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PyEMD: Fast EMD for Python

PyEMD is a Python wrapper for Ofir Pele and Michael Werman's implementation <>_ of the Earth Mover's Distance <>_ that allows it to be used with NumPy. If you use this code, please cite the papers listed at the end of this document.


.. code:: bash

pip install pyemd


.. code:: python

>>> from pyemd import emd
>>> import numpy as np
>>> first_histogram = np.array([0.0, 1.0])
>>> second_histogram = np.array([5.0, 3.0])
>>> distance_matrix = np.array([[0.0, 0.5],
...                             [0.5, 0.0]])
>>> emd(first_histogram, second_histogram, distance_matrix)

You can also get the associated minimum-cost flow:

.. code:: python

>>> from pyemd import emd_with_flow
>>> emd_with_flow(first_histogram, second_histogram, distance_matrix)
(3.5, [[0.0, 0.0], [0.0, 1.0]])

You can also calculate the EMD directly from two arrays of observations:

.. code:: python

>>> from pyemd import emd_samples
>>> first_array = [1, 2, 3, 4]
>>> second_array = [2, 3, 4, 5]
>>> emd_samples(first_array, second_array, bins=2)



.. code:: python



- ``first_histogram`` *(np.ndarray)*: A 1D array of type ``np.float64`` of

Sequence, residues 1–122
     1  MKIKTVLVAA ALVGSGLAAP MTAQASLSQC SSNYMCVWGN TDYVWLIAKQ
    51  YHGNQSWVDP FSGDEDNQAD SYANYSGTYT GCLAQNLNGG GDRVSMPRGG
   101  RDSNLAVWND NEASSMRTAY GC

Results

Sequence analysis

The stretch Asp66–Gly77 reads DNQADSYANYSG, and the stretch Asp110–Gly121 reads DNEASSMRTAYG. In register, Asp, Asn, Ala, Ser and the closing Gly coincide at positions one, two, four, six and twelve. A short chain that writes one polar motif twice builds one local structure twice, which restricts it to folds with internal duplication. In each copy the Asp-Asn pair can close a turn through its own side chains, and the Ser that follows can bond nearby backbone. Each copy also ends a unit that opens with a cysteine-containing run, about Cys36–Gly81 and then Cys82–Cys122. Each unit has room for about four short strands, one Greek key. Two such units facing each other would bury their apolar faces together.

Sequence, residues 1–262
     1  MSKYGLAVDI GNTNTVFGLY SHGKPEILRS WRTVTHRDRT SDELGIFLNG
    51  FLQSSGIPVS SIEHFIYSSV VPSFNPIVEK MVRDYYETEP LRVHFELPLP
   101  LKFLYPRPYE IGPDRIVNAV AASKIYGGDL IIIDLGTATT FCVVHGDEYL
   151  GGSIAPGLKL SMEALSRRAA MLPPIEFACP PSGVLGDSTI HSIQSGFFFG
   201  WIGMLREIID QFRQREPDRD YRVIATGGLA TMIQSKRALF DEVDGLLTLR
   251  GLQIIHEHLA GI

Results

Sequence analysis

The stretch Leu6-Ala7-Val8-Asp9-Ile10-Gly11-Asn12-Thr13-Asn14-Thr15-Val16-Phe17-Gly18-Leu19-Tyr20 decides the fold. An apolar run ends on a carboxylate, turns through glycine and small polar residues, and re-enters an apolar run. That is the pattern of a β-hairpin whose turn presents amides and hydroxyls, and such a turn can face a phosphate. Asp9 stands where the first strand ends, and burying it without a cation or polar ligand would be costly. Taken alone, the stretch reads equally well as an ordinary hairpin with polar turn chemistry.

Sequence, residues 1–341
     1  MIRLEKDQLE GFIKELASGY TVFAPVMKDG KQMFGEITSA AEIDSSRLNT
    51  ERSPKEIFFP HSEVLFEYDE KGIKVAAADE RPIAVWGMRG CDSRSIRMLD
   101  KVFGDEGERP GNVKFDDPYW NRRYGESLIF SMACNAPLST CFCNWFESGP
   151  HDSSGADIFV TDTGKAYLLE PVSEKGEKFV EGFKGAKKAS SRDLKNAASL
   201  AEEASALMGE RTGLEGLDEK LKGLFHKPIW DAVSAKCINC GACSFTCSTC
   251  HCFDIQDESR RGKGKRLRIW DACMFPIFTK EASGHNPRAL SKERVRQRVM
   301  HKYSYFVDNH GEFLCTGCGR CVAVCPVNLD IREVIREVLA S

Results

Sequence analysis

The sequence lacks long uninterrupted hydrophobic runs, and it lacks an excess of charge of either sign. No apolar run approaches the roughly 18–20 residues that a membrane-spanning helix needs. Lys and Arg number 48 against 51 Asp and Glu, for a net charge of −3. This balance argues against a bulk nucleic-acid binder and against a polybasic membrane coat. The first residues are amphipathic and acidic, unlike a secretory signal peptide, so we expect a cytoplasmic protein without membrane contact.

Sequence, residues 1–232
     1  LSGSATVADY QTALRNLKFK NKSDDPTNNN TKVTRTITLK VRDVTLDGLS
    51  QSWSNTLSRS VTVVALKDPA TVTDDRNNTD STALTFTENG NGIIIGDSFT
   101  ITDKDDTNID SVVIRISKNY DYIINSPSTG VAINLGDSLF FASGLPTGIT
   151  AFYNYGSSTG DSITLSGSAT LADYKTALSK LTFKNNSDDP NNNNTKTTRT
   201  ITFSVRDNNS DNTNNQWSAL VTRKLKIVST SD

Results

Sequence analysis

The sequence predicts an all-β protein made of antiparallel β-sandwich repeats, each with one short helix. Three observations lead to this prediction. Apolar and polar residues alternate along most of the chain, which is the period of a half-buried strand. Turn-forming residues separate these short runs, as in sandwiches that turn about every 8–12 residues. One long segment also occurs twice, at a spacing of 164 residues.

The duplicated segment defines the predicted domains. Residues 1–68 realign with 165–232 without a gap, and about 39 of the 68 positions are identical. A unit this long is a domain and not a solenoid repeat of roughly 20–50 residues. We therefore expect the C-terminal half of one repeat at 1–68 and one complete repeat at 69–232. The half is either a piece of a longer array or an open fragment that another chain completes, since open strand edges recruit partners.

length *N*.
- ``second_histogram`` *(np.ndarray)*: A 1D array of ``np.float64`` of length
- ``distance_matrix`` *(np.ndarray)*: A 2D array of ``np.float64,`` of size at
  least *N* × *N*. This defines the underlying metric, or ground distance, by
  giving the pairwise distances between the histogram bins.
  **NOTE: It must represent a metric; there is no warning if it doesn't.**

*Keyword Arguments:*

- ``extra_mass_penalty`` *(float)*: The penalty for extra mass. If you want the
  resulting distance to be a metric, it should be at least half the diameter of
  the space (maximum possible distance between any two points). If you want
  partial matching you can set it to zero (but then the resulting distance is
  not guaranteed to be a metric). The default value is ``-1.0``, which means the
  maximum value in the distance matrix is used.

*Returns:* *(float)* The EMD value.



.. code:: python


Arguments are the same as for emd().

Returns: (tuple(float, list(list(float)))) The EMD value and the associated minimum-cost flow.


.. code:: python



- ``first_array`` *(Iterable)*: An array of samples used to generate a
- ``second_array`` *(Iterable)*: An array of samples used to generate a

*Keyword Arguments:*

- ``extra_mass_penalty`` *(float)*: Same as for ``emd()``.
- ``distance`` *(string or function)*: A string or function implementing
  a metric on a 1D ``np.ndarray``. Defaults to the Euclidean distance. Currently
  limited to 'euclidean' or your own function, which must take a 1D array and
  return a square 2D array of pairwise distances.
- ``normalized`` (*boolean*): If true (default), treat histograms as fractions
  of the dataset. If false, treat histograms as counts. In the latter case the
  EMD will vary greatly by array length.
- ``bins`` *(int or string)*: The number of bins to include in the generated